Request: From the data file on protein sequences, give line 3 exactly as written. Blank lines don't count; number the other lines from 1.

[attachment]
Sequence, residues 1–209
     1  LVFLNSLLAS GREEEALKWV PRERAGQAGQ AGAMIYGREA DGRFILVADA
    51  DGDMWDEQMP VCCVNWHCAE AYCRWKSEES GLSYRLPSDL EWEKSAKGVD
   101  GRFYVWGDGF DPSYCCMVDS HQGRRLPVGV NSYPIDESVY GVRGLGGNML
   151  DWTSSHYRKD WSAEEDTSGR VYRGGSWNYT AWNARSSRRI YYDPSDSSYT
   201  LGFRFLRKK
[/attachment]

    51  DGDMWDEQMP VCCVNWHCAE AYCRWKSEES GLSYRLPSDL EWEKSAKGVD